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  • IV. The Richard S. Weiner Collection
  • Ann L. Ferguson (bio)

[Some Principal Shaw Research Sources]

The Richard S. Weiner Collection at Colgate University in the small town of Hamilton, New York, is a relative newcomer in the world of Shaw collections—and one that many Shaw scholars will want to visit. The collection boasts more than one thousand letters by Shaw as well as a rich assortment of manuscripts, books, photographs, and art work.

The collection is the gift of attorney-turned-bookman Richard Weiner (Colgate ‘68), proprietor of Escargot Books, a book store in Brielle, New Jersey. Two converging impulses led to the creation of the Colgate collection—Weiner’s interest in Shaw and his desire to do something for his alma mater. Weiner describes Colgate as a “wonderful liberal arts college, where professors tried to make subjects come alive for the students.”* Not [End Page 148] interested in “the traditional route, giving money,” Weiner instead “wanted to put together a collection that I could watch grow, be exhibited, and written about during my lifetime.”

With a master’s degree in French from Harvard, a law degree from Penn, and a keen interest in Shaw, whose work he found both amusing and provocative, Weiner began collecting in 1980. Within a few years of his first purchase, a 3 by 5 signed snapshot of an elderly Shaw walking a country lane with hat, cane, and knickers, he had formed the nucleus of his remarkable collection. His initial gift to Colgate in the early 1980’s was followed by substantial additions well into the 1990’s.

Aggressive in his acquisitions, Weiner purchased items on his own as well as through dealers. Weiner recalls that “once it became known that there was a serious buyer in the market, the amount of good material that was offered to me through these dealers was extraordinary. I also believe that my strong commitment to buying quality Shaw items at auction may have discouraged others from bidding against me.” According to Weiner, his desire to acquire things that “the great man had put his hand to” guided his choice of material. First editions, for example, did not excite him; instead he wanted “inscribed books, signed letters and ephemera.” His collecting grew more focused over time: “I made lots of mistakes at first, buying items that I wouldn’t look twice at today. Gradually, I became more knowledgeable and focused. I was less interested in his political and economic views, or in very technical aspects of his theatrical productions, and was more drawn to letters in which this intellectual giant flashed his wit or demonstrated his well-known topsy turvyism.”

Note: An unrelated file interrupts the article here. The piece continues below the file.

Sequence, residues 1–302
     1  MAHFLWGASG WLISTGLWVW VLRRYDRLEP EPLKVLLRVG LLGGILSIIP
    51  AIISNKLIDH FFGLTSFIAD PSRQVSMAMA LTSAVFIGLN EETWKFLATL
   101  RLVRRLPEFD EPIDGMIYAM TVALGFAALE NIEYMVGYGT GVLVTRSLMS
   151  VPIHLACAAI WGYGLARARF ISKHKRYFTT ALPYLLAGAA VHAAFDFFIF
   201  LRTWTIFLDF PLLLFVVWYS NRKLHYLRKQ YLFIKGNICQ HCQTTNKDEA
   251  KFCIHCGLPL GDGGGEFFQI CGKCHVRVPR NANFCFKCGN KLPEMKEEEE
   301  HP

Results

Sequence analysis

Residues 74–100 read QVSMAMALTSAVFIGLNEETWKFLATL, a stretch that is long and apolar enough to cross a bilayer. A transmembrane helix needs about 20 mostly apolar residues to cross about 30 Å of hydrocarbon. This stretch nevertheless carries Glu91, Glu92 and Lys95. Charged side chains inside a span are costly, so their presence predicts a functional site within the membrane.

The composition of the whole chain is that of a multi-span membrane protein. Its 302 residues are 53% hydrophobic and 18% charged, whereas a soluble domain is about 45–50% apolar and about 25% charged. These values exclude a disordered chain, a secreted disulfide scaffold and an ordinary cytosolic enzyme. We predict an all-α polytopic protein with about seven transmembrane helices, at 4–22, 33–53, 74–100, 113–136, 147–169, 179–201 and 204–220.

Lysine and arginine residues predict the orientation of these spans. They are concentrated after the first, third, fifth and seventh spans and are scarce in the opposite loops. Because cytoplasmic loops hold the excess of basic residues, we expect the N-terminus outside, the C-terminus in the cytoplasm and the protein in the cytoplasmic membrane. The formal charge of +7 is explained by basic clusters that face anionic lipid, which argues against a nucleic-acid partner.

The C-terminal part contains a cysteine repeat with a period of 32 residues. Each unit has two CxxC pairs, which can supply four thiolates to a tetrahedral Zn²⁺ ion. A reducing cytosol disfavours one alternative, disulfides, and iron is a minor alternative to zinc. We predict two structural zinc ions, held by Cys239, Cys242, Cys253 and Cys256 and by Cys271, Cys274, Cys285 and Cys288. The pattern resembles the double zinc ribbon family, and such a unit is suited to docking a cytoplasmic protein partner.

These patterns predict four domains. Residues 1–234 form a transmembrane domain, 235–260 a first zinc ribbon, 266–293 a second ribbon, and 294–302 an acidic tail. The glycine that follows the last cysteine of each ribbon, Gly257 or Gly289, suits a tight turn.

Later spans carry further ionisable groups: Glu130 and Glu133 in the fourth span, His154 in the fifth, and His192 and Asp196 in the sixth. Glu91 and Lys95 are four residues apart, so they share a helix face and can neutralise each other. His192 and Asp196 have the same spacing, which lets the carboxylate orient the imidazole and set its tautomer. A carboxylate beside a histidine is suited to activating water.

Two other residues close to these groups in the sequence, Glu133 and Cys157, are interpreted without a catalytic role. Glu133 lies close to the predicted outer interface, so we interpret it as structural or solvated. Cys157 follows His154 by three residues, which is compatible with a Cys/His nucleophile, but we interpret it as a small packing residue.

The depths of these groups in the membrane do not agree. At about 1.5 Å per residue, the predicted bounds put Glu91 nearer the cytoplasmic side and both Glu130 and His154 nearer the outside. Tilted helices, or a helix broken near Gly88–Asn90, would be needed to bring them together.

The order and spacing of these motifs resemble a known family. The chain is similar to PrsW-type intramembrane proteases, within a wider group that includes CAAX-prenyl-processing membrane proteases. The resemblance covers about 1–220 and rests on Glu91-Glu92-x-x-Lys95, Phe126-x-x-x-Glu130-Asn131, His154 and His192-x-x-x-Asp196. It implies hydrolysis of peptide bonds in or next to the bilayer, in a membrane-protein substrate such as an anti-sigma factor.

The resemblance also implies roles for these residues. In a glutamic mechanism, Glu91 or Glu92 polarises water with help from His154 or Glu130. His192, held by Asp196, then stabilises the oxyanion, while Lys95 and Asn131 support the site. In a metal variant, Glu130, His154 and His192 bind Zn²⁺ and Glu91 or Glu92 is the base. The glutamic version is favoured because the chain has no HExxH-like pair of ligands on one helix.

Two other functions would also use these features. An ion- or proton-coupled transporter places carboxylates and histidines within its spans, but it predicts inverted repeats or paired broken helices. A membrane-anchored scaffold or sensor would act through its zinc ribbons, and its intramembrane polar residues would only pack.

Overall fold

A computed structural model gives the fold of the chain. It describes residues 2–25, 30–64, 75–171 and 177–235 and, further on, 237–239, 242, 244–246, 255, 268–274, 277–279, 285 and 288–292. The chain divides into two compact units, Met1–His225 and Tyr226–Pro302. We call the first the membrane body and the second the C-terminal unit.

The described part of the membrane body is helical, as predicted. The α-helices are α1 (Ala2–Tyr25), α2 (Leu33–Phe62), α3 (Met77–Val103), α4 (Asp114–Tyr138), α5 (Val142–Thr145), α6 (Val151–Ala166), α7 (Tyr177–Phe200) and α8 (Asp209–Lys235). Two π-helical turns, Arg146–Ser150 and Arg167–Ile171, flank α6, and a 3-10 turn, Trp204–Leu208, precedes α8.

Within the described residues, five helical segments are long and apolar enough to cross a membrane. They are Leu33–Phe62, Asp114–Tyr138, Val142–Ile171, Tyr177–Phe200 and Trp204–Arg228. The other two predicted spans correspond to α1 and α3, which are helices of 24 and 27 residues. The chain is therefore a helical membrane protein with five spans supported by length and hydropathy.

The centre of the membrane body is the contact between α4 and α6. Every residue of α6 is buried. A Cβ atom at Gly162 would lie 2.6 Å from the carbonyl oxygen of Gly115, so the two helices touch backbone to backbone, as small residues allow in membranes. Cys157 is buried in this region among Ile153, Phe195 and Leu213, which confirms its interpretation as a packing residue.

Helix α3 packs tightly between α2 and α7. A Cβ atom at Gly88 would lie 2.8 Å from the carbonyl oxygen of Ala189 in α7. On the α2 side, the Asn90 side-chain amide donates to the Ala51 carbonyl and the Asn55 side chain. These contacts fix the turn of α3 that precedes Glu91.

Given Weiner’s focus, it is not surprising to find that the correspondence is one of the great strengths of the collection. While some of it will be familiar to scholars through the Collected Letters and other publications, most of it will be new. Given that the collection contains correspondence from Shaw to well over 400 different recipients, any discussion here is necessarily incomplete. Chief among the letters, however, are those from Shaw to Gilbert Murray—nearly fifty written between 1898 and 1950. Subjects covered include Shaw’s plays, Murray’s translations, politics, publishing, WW II, Catholicism, and personal news. Another substantial segment, close to 150 letters and postcards to Charles Macdona between 1912 and 1940, documents Shaw’s relationship with the theatrical producer, providing a detailed look at Shaw’s views on casting, play selection, advertising, programs, film, and play touring.

Letters to a number of significant figures touch on many aspects of Shaw’s work in the theater. Letters to actress Mary Grey and husband J.B. Fagan focus largely on productions of Captain Brassbound’s Conversion and the possibility of a film version. His correspondence with Sybil Thorndike and Lewis Casson deals chiefly with Saint Joan. Letters to manager Hugh [End Page 149] Beaumont provide details of Shaw’s business agreements and are full of Shaw’s recommendations regarding casting, scenery, and directing. Letters to Nugent Monck, head of the Norwich Players, shed light on Shaw’s relationship with that company. In some cases, as with Macdona and Beaumont, the sizeable quantity of letters...

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pp. 148-152
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